Monday, 1 August 2011


Tonkatsu (とんかつ) is a tremendously popular dish throughout Japan, particularly in Tokyo, where it was first created and named in the Ginza district in 1890. However, despite a Japanese name (ton: pork; katsu: cutlet) and history, its origins are actually considered to be Western.

It consists of a cut of pork, coated in seasoned panko breadcrumbs, sliced and served - usually atop shredded cabbage and alongside white rice.

It is often accompanied with tonkatsu sauce, a condiment so ubiquitous in Japan that it's become known as simply 'sauce'. This has its roots in English Worcestershire sauce, although it's a good deal thicker in Japan.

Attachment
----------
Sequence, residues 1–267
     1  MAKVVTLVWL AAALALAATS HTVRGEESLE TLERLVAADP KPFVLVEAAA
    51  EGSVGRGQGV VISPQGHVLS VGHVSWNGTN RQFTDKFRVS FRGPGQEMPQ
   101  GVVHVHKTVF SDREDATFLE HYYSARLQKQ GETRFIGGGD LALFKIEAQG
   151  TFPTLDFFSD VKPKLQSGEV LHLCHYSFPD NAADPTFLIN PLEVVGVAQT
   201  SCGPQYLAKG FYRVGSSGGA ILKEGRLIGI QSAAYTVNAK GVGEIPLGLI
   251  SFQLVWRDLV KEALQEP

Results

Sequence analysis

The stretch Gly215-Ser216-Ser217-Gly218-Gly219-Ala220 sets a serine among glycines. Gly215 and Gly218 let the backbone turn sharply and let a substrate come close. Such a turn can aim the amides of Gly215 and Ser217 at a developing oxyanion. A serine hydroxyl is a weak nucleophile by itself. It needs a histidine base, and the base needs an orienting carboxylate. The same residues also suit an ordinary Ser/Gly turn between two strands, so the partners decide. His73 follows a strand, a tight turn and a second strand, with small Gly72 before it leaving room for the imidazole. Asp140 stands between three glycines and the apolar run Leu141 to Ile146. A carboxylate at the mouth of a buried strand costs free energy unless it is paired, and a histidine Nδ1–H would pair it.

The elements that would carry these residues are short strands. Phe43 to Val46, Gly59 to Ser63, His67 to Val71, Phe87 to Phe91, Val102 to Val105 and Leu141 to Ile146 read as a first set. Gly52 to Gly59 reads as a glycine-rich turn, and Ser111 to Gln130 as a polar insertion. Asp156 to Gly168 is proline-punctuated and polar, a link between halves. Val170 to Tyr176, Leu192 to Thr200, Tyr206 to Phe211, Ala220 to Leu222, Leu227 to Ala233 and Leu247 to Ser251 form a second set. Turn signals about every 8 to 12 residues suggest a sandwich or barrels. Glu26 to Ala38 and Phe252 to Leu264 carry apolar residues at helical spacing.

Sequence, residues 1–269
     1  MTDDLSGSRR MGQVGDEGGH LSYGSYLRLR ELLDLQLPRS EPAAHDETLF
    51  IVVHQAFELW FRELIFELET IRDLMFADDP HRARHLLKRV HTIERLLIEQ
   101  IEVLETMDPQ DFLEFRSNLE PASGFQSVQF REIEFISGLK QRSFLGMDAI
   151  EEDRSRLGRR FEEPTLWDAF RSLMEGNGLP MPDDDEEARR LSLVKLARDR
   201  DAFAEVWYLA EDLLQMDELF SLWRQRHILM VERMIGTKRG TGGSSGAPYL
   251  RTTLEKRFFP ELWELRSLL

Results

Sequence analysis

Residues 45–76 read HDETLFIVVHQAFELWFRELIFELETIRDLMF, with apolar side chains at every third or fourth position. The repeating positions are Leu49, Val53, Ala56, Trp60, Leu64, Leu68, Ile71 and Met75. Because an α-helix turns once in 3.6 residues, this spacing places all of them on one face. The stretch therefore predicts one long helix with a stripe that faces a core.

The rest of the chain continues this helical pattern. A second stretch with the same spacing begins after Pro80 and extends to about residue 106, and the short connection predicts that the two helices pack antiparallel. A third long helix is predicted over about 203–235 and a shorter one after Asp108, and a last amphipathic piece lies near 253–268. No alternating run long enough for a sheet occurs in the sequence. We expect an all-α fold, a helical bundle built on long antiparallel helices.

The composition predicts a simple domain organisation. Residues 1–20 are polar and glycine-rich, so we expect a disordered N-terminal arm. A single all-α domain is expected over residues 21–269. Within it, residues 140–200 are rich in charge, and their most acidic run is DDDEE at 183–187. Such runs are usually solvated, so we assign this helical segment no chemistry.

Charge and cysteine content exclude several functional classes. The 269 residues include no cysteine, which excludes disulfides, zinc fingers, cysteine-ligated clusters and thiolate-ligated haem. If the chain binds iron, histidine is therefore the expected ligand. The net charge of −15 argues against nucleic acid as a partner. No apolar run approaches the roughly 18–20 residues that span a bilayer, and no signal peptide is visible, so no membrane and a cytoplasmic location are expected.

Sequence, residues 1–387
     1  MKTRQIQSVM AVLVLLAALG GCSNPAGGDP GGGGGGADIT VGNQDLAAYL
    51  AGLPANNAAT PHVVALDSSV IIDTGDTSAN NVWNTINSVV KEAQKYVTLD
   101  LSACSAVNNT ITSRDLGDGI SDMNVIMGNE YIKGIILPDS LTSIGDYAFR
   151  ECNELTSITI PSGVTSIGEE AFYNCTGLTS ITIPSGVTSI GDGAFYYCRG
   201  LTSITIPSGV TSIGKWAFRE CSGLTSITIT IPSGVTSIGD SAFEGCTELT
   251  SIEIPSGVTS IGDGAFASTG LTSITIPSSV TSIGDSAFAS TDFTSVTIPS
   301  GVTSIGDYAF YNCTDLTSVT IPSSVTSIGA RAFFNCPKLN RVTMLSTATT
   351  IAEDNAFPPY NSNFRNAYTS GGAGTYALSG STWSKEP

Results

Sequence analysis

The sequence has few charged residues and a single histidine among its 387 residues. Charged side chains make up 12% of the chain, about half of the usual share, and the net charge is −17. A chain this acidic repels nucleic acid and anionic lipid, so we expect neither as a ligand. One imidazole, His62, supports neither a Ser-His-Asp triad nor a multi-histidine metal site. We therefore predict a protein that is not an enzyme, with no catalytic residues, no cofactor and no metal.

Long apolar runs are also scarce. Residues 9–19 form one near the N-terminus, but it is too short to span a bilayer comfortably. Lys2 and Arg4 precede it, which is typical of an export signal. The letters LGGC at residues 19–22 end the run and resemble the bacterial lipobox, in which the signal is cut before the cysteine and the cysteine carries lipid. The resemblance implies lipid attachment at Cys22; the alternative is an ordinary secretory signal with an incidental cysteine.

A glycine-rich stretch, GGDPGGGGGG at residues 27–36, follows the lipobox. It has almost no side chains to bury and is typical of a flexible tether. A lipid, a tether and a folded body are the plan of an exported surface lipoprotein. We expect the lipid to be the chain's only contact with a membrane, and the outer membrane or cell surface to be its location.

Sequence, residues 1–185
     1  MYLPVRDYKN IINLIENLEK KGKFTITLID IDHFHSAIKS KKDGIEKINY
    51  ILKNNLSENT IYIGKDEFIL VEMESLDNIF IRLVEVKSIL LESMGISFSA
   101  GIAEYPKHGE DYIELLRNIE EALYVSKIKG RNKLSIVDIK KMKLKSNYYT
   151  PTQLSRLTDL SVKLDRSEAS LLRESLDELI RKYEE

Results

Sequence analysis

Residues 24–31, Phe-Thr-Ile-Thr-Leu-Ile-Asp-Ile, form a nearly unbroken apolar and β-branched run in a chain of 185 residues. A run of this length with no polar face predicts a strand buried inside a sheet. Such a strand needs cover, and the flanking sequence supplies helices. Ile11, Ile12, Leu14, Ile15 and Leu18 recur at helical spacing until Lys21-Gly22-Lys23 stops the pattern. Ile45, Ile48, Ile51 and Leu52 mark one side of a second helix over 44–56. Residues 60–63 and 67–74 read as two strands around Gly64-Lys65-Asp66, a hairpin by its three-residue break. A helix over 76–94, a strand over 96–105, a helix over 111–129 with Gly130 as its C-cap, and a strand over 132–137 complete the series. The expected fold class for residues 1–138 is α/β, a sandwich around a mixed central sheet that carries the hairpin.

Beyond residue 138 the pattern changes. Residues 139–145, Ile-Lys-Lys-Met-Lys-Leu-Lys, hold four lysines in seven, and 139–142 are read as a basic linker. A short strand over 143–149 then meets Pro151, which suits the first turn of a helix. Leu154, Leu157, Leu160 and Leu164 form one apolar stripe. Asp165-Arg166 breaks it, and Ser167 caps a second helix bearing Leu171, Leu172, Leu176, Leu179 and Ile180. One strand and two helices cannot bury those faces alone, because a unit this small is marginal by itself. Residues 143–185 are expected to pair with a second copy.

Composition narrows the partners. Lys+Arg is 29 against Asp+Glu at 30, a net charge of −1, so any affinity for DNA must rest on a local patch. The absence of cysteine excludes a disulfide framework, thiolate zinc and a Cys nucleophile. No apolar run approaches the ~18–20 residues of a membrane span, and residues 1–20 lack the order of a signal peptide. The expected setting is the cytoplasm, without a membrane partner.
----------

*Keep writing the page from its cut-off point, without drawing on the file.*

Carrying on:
Such a popular dish is it, that there are no shortage of restaurants which serve only variations on tonkatsu. More often than not, whenever you see pictures of a Tokyo street by night, you'll spot the kana in neon, telling you where delicious tonkatsu can be found - see if you can spot one in the picture below.

Picture: Channel 4


Post a Comment

Related Posts Plugin for WordPress, Blogger...
There are currently Online Users
Twitter Delicious Facebook Digg Stumbleupon Favorites More